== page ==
Tough Calls, Celebrated
For 23 years, the Ancil Payne Award for Ethics in Journalism, established by Seattle broadcasting legend Ancil Payne, celebrated the tough decisions in the newsroom and in the field. The annual prize rewarded media organizations and journalists who reported with integrity despite personal, political, or economic pressure.
In 2022, the Payne Award was discontinued so that the family’s generosity could more directly support students. The Payne Family Endowment now provides a student scholarship as well as annual funding for journalists to visit the University of Oregon campus to meet with and educate students.
2021 Winners: Anchorage Daily News and ProPublica's Local Reporting Network
Alaska has the highest rate of sexual assault and child sex abuse in the United States. The Anchorage Daily News asked readers to share their stories of sexual violence to help determine why sexual assault and murder cases appeared to be getting worse and where the failure points exist within the criminal justice system. The newspaper partnered with ProPublica's Local Reporting Network to publish “Unheard,” a compilation of 29 stories from women and men who shared their experiences with sexual assault.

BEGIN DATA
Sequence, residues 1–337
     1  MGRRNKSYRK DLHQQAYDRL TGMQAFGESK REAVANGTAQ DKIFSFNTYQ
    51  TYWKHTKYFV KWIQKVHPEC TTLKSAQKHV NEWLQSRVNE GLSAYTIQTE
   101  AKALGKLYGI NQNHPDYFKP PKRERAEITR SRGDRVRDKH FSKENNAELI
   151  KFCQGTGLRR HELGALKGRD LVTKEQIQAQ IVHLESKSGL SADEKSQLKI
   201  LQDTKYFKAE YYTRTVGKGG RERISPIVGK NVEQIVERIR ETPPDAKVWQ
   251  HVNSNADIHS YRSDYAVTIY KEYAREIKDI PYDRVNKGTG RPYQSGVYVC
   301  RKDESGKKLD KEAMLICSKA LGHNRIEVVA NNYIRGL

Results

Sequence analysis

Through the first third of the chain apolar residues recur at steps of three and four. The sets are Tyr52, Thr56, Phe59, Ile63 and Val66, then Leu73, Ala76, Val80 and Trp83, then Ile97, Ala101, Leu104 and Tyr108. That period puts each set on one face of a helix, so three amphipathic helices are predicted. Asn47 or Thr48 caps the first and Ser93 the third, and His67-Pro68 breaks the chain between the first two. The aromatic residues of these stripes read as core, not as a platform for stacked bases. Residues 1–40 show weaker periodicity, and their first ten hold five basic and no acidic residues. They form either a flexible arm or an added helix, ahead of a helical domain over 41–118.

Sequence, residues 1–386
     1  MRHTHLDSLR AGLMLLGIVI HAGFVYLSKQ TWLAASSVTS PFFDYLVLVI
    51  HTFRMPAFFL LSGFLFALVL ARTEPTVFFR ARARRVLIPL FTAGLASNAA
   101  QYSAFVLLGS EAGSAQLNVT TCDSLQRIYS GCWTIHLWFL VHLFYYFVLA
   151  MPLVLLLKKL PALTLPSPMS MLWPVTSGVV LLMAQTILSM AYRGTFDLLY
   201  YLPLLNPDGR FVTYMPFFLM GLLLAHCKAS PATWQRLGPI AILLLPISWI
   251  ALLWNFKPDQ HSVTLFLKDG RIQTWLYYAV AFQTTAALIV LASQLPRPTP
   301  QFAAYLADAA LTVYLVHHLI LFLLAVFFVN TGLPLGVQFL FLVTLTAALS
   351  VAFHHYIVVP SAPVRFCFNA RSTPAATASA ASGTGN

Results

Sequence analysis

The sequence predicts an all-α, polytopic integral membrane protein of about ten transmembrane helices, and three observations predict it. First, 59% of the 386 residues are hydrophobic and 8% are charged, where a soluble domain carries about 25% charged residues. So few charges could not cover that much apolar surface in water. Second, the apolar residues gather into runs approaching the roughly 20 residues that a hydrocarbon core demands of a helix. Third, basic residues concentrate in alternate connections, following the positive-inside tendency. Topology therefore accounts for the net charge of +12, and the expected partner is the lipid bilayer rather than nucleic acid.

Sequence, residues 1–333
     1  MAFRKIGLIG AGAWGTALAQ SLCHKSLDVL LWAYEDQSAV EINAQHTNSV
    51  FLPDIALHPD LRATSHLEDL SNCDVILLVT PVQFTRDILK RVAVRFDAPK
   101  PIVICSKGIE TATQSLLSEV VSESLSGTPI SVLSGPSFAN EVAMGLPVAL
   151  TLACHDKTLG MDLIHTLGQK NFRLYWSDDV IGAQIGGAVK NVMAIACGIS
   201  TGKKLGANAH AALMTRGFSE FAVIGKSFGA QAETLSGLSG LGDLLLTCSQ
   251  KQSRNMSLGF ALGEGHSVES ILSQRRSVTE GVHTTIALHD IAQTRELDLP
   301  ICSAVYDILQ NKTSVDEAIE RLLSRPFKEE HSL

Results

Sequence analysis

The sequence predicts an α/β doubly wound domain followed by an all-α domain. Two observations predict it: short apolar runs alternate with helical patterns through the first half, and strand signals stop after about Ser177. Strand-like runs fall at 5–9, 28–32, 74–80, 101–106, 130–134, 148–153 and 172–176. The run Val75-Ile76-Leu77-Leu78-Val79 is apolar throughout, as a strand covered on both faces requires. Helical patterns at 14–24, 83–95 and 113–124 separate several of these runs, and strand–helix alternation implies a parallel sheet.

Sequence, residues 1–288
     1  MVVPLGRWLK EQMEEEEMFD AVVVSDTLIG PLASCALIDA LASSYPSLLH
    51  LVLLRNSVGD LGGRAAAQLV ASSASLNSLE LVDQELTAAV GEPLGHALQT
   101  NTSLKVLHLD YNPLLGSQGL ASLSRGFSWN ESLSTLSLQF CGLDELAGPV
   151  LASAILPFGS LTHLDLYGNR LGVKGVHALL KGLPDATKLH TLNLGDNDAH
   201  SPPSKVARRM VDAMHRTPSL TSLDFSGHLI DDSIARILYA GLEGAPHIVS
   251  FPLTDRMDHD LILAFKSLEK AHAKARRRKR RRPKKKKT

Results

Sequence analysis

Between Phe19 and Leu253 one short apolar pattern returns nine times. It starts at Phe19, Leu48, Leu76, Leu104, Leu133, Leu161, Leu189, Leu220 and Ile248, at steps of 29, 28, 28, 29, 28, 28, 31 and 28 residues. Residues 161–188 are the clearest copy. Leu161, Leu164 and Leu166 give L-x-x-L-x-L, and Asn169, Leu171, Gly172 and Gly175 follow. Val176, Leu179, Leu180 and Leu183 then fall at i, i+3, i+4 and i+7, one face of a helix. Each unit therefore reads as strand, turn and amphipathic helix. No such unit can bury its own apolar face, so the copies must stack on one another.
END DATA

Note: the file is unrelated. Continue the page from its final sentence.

In early 2019, Injustice Watch journalists Emily Hoerner and Rick Tulsky published “In Plain View,” an exposé of racist, misogynistic, homophobic, and violent social media content posted by more than 2,000 police officers around the nation. Despite the threat of a lawsuit that could shut down the small media outlet, Injustice Watch prioritized the public’s right to know the truth, earning them the 2020 Ancil Payne Award for Ethics in Journalism.
Garrison Keillor produced and hosted “A Prairie Home Companion” for Minnesota Public Radio for 42 years. Then he was accused of inappropriate behavior at the height of the #MeToo movement. The MPR newsroom earned the 2019 Ancil Payne Award for Ethics in Journalism for its transparent and unbiased coverage of the fall from grace of one of its network’s biggest stars.